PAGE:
KEIJO NIINIMAA (Rotten Sound) – Learn to do it without any pain
During the Inferno almost 4 years ago I met Keijo backstage for an interview. Unfortunately, the recording was lousy and it was impossible to get a decent interview out of it. Now, Rotten Sound again are ready for the Inferno Festival and it’s suitable to take a new Deepthroat interview with Keijo. The man has growled for 23 years and still going strong. In addition to fronting one of Finland’s most extreme metal band Rotten Sound, he is also the lead singer of the alternative death metal band Medeia. Here’s Keijo Niinimaa from Rotten Sound and his contributions to The Deep Throat Series.
When did you start doing extreme vocals (What year and at what age)?
Year 1987 and I was 17 at that time.
What made you start to do extreme vocals?
I liked grunting a lot at that time and I started by joining my 1st band, Desecrator, which was death-metal. I guess there just wasn’t any other way for me at the time.
Can you describe the technique or the techniques you are using?
My main thing has usually been to push as much air through my throat as possible to get the needed amount of distortion for the vocals. Only thing I’m really careful with is my throat, because if I get it totally destroyed, it’ll be really hard for me to maintain all different styles (lows, mids and highs) through a longer tour.
Has your technique changed during your career?
I guess it’s more controlled now and I’ve been pretty satisfied with all the different sounds I’m able to generate. I’ve also learnt to make the highs and lows more even in volume, which is pretty important for live shows and it has also made it much easier to mix my vocals on the recordings.
Have you ever hurt yourself by using a "wrong technique"?
Yes, multiple times. Sometimes I’ve had some hard liquor before the show and I don’t feel my throat as well as I should. As a result I’m talking wrong the next day, but usually I’ve recovered in 1-2 shows. Studio-sessions have also been really painful at times for my throat and also to my head: if I’m doing vocals for more than 3-4 hours on one run, I’m getting this terrible head-ache, which is probably just lack of oxygen.
Is there something you do on a regular basis to keep your voice in shape? Any routines?
Only thing I want to do is to open my voice before I need to do something with it and it’s not very conventional. Usually my 1st rehearsals sound terrible and probably it’s because my vocal-cords are not used to the distortion anymore after a break. But the 2nd rehearsals (or the show less than a week after one) is usually going fine and I’ve noticed, that it’s getting easier and easier for the 1st few days.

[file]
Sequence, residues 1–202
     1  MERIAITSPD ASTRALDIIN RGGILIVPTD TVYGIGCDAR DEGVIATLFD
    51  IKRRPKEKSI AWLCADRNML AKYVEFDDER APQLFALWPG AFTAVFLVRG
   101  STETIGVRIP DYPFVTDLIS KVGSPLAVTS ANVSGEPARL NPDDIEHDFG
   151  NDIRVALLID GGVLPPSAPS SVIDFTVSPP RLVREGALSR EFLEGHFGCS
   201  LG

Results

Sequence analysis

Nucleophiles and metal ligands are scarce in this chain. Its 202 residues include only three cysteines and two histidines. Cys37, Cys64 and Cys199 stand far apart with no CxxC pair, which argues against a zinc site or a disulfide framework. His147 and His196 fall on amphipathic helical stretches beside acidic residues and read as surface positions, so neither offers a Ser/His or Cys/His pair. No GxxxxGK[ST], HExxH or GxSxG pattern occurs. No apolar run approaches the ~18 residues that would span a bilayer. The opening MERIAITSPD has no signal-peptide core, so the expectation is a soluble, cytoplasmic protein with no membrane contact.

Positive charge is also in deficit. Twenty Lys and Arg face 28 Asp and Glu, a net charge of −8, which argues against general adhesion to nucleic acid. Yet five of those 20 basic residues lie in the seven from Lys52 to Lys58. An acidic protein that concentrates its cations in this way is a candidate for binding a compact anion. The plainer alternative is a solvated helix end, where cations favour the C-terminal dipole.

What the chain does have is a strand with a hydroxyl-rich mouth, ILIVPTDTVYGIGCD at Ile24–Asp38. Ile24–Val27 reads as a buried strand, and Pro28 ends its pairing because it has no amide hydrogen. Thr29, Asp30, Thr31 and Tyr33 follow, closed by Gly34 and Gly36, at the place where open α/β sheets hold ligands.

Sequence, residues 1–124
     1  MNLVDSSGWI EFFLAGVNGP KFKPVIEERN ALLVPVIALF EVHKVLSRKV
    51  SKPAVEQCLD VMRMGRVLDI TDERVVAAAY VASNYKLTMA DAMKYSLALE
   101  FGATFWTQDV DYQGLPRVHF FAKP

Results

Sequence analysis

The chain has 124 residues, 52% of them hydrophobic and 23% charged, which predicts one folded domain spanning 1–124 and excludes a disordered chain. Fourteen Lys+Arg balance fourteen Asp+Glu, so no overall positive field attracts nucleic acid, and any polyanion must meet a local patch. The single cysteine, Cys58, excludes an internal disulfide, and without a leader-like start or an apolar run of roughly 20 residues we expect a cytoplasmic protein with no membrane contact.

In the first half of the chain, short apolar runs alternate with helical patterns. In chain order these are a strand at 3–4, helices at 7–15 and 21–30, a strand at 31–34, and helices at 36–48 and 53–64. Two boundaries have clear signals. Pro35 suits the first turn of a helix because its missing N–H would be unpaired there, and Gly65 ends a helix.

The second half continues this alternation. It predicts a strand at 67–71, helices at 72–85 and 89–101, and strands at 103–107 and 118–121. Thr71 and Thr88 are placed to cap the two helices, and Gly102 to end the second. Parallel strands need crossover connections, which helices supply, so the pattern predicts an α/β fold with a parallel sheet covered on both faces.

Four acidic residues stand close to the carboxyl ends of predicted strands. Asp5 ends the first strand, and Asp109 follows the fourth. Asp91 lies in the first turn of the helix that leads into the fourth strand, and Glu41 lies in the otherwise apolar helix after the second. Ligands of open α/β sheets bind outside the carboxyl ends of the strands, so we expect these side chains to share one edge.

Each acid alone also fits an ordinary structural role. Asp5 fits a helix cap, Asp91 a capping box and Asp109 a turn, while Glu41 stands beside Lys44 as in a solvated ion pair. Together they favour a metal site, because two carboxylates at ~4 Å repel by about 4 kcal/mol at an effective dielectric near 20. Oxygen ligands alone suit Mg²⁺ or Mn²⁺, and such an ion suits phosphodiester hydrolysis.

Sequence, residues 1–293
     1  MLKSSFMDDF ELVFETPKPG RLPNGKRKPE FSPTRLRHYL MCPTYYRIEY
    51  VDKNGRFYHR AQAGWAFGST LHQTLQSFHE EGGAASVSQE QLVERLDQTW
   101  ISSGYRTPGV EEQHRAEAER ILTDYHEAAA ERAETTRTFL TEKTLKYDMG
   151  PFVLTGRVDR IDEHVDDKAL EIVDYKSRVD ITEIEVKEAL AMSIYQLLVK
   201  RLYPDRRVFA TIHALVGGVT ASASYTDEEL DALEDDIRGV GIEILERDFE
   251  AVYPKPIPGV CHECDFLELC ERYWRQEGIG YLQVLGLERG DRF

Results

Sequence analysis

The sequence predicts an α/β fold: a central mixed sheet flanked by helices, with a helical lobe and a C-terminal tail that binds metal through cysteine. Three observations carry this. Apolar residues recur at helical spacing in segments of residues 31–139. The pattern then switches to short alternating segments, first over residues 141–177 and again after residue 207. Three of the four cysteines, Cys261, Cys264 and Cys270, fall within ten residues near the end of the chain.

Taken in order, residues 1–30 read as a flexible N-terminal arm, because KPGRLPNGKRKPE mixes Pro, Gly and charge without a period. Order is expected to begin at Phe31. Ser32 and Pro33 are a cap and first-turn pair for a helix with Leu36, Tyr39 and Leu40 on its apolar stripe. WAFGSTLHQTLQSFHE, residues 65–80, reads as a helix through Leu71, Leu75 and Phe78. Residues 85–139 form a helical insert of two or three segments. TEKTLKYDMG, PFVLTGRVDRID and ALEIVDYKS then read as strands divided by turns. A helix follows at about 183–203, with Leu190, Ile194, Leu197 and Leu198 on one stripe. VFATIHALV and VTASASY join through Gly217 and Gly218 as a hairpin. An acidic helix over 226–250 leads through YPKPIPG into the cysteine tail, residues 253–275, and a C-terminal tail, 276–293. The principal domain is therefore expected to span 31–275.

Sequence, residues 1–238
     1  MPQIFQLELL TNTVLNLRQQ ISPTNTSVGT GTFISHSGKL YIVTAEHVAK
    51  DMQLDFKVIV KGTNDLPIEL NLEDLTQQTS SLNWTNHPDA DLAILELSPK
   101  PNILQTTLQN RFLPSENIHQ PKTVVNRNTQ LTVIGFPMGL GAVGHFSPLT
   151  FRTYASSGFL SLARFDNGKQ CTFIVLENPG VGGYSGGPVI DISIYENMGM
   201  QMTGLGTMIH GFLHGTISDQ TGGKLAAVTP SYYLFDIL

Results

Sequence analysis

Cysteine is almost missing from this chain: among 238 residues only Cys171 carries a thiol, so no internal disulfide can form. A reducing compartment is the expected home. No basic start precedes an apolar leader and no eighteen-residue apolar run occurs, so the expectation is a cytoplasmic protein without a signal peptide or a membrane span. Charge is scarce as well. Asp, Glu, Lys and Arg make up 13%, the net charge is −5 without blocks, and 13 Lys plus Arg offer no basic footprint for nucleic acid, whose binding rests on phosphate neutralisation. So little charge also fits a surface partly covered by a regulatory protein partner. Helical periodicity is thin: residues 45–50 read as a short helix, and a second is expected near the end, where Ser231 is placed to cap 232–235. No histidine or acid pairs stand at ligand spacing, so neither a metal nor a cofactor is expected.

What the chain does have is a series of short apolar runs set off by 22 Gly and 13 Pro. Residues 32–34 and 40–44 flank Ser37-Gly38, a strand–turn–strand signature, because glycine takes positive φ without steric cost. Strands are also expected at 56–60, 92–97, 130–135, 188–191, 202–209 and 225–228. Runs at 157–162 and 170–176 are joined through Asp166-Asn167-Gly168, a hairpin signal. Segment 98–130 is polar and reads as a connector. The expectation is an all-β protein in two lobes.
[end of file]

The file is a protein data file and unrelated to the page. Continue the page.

Do you think it can be dangerous to do extreme vocals?
Sometime in the studio, but never when playing live. I guess it’s those head-aches, that scare me a bit.
What is most important for you – to make cool sounds and interesting rhythms, or to have a clear diction/pronunciation?
I’ve tried to get better in vocal patterns, sounds I create and also pronunciation and when I think that I’ve managed to evolve in all areas, but at the same time I feel, that there’s always more to do. I’ve also started to scream some melodies occasionally with Medeia, but I want to be sure, that they won’t sound "lame" or weak.
Do you think that extreme vocals can be made into a science, like "this is how it works for everyone, to make this sound you have to do this etc"? Or is it more intuitive and individual how to do it?
I would say intuitive and individual after someone has learnt the basics.
Do you have any advice to people who wants to start doing extreme vocals?
Learn to do it without any pain. Probably there’s a few misses in the beginning, but one good way to measure your progress is to check how rough your voice becomes
Mention three extreme vocalists whose style you admire, and explain your choice. What specifically do you like about the styles of those three? Also mention three vocalists (not necessarily extreme vocalists) which you have been influence by, and explain in which way you have been influenced by each of them.
LG Petrov, Tom Araya and Martin von Drunen. All of them are screaming, but they all have very own sound. LG is mastering Entombed’s death’n’roll, but is also having very cool old-school death-metal voice. Tom Araya is just about pure aggression and hatred and he has also proven to be a great singer with awesome ability to pass a desperate feeling through his vocals. MVD was one of the reasons I liked Pestilence (and I still do like them!) a lot more than many other DM-bands, that my friends were raving about. The desperation and insanity in his screams are just overwhelming and it has been cool to see his come-back with Hail of Bullets and Asphyx.
Bruce Dickinson, Ozzy Osbourne and Rob Halford. These three guys thought me how heavy-metal is supposed to be sung without sounding or looking like little girls.
Who do you want to challenge in this series? (Who should be the next extreme vocalist to answer these questions?) Give a brief explanation for your choice.
I’d like to challenge Barney Greenway because of his similar background with me: I also started with a low-pitched death-metal and I’ve moved towards more varying expression with Rotten Sound and Medeia.